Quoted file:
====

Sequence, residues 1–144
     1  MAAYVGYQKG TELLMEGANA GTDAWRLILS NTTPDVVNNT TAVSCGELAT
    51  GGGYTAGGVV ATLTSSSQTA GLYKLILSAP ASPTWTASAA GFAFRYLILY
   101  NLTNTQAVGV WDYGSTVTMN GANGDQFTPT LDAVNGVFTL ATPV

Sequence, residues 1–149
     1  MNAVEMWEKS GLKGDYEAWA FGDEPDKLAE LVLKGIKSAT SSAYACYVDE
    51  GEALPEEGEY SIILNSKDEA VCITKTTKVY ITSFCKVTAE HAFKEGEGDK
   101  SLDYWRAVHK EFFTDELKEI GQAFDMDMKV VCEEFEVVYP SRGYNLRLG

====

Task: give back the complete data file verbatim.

Sequence, residues 1–144
     1  MAAYVGYQKG TELLMEGANA GTDAWRLILS NTTPDVVNNT TAVSCGELAT
    51  GGGYTAGGVV ATLTSSSQTA GLYKLILSAP ASPTWTASAA GFAFRYLILY
   101  NLTNTQAVGV WDYGSTVTMN GANGDQFTPT LDAVNGVFTL ATPV

Sequence, residues 1–149
     1  MNAVEMWEKS GLKGDYEAWA FGDEPDKLAE LVLKGIKSAT SSAYACYVDE
    51  GEALPEEGEY SIILNSKDEA VCITKTTKVY ITSFCKVTAE HAFKEGEGDK
   101  SLDYWRAVHK EFFTDELKEI GQAFDMDMKV VCEEFEVVYP SRGYNLRLG